John Dean is going to teach an ethics course.
Now, if you’re less than 40 years old and/or not particularly a student of government history, that might not mean much to you. If you paid attention to Watergate, either during the actual downfall of President Nixon and so many others or studied it after the fact, you’ll understand.
A fascinating New York Times story last weekend (repeated on a number of legal web sites) revealed the very few choices the White House counsel at the time had when he learned of the scandal. The political scandal led to a wide array of ethics reforms.
Here’s a brief excerpt:
Learning ethics by studying Watergate might sound like learning about fiduciary duties by studying Bernard L. Madoff . That, Mr. Dean, 72, said in an interview, is the point. “I helped write the book of what not to do, so I’m hopeful that people can learn from that — and not make the mistakes I did.”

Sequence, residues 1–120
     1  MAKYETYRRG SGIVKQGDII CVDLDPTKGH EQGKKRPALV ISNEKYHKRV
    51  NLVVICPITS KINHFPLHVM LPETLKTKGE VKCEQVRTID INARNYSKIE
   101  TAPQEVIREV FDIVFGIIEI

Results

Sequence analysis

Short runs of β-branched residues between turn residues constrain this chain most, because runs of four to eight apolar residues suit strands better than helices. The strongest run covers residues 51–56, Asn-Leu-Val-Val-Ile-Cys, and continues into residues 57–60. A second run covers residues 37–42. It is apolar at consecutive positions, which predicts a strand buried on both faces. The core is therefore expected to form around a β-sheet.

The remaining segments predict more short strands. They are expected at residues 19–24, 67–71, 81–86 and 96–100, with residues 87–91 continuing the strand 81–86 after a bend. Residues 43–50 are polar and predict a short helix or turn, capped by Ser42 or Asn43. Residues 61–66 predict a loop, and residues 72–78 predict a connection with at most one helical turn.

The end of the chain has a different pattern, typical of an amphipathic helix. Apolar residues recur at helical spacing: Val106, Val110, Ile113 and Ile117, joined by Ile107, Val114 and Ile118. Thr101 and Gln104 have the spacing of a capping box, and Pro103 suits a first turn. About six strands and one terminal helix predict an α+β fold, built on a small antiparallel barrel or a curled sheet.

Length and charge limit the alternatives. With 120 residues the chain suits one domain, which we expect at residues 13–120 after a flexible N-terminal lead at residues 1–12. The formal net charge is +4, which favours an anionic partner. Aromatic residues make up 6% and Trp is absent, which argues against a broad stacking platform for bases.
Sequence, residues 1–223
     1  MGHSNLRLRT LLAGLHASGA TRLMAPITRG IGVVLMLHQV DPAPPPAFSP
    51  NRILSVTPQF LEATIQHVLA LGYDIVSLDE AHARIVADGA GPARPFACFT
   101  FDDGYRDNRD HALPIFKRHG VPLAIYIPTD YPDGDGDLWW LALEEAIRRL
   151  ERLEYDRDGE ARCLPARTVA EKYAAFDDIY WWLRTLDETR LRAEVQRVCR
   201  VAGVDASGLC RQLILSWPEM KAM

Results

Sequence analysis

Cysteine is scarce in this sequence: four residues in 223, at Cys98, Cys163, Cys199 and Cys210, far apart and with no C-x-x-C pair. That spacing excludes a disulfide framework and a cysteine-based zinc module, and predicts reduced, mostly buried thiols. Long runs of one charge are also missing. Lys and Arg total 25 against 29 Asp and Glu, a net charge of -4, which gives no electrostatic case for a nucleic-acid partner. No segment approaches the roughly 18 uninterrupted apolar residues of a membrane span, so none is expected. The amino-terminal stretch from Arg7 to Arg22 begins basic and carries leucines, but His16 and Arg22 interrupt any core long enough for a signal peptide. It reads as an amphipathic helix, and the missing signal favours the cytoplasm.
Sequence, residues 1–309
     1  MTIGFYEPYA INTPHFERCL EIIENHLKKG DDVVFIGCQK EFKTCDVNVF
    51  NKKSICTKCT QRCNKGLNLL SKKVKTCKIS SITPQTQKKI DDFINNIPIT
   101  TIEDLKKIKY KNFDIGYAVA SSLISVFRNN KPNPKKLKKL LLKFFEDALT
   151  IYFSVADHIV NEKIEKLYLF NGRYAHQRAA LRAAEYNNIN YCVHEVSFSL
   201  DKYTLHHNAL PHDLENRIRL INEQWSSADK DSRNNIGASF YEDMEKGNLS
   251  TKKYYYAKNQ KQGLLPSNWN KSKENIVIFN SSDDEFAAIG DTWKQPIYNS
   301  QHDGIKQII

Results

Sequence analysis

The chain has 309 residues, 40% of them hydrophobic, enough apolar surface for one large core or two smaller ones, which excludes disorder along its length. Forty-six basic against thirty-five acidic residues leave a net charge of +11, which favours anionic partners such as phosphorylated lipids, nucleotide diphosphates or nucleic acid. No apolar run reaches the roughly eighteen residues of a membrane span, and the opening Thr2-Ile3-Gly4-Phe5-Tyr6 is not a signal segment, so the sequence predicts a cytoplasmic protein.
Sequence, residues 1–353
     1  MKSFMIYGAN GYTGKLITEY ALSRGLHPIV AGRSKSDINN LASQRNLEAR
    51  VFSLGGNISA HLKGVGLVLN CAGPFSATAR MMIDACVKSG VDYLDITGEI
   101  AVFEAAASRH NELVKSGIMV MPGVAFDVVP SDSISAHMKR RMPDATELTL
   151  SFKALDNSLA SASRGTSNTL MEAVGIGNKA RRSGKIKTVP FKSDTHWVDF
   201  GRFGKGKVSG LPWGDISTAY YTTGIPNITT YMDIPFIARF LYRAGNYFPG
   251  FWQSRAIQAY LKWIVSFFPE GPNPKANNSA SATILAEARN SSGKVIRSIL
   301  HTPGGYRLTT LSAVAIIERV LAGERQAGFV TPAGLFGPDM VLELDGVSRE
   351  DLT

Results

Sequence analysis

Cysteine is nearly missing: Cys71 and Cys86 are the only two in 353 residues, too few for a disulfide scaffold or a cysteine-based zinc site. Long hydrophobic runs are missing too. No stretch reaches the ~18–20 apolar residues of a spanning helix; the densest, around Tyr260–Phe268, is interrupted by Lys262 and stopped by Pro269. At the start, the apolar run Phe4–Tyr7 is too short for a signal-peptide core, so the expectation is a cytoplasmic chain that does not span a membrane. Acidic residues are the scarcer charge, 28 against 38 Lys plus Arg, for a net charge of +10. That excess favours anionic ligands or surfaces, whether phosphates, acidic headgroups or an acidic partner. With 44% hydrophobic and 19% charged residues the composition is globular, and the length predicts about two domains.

The half-day program focuses on the events of the week after the arrests of the burglars, when G. Gordon Liddy explained the extent of the White House “plumbers” operation to Mr. Dean, the White House counsel, and Mr. Dean’s involvement in obstruction of justice began. “That first week foreshadows everything, raises everything a lawyer can be confronted with, and it’s where the problems started,” Mr. Dean said.
The issues are complex, but come down to this: What are a lawyer’s obligations when his bosses are engaged in criminal acts?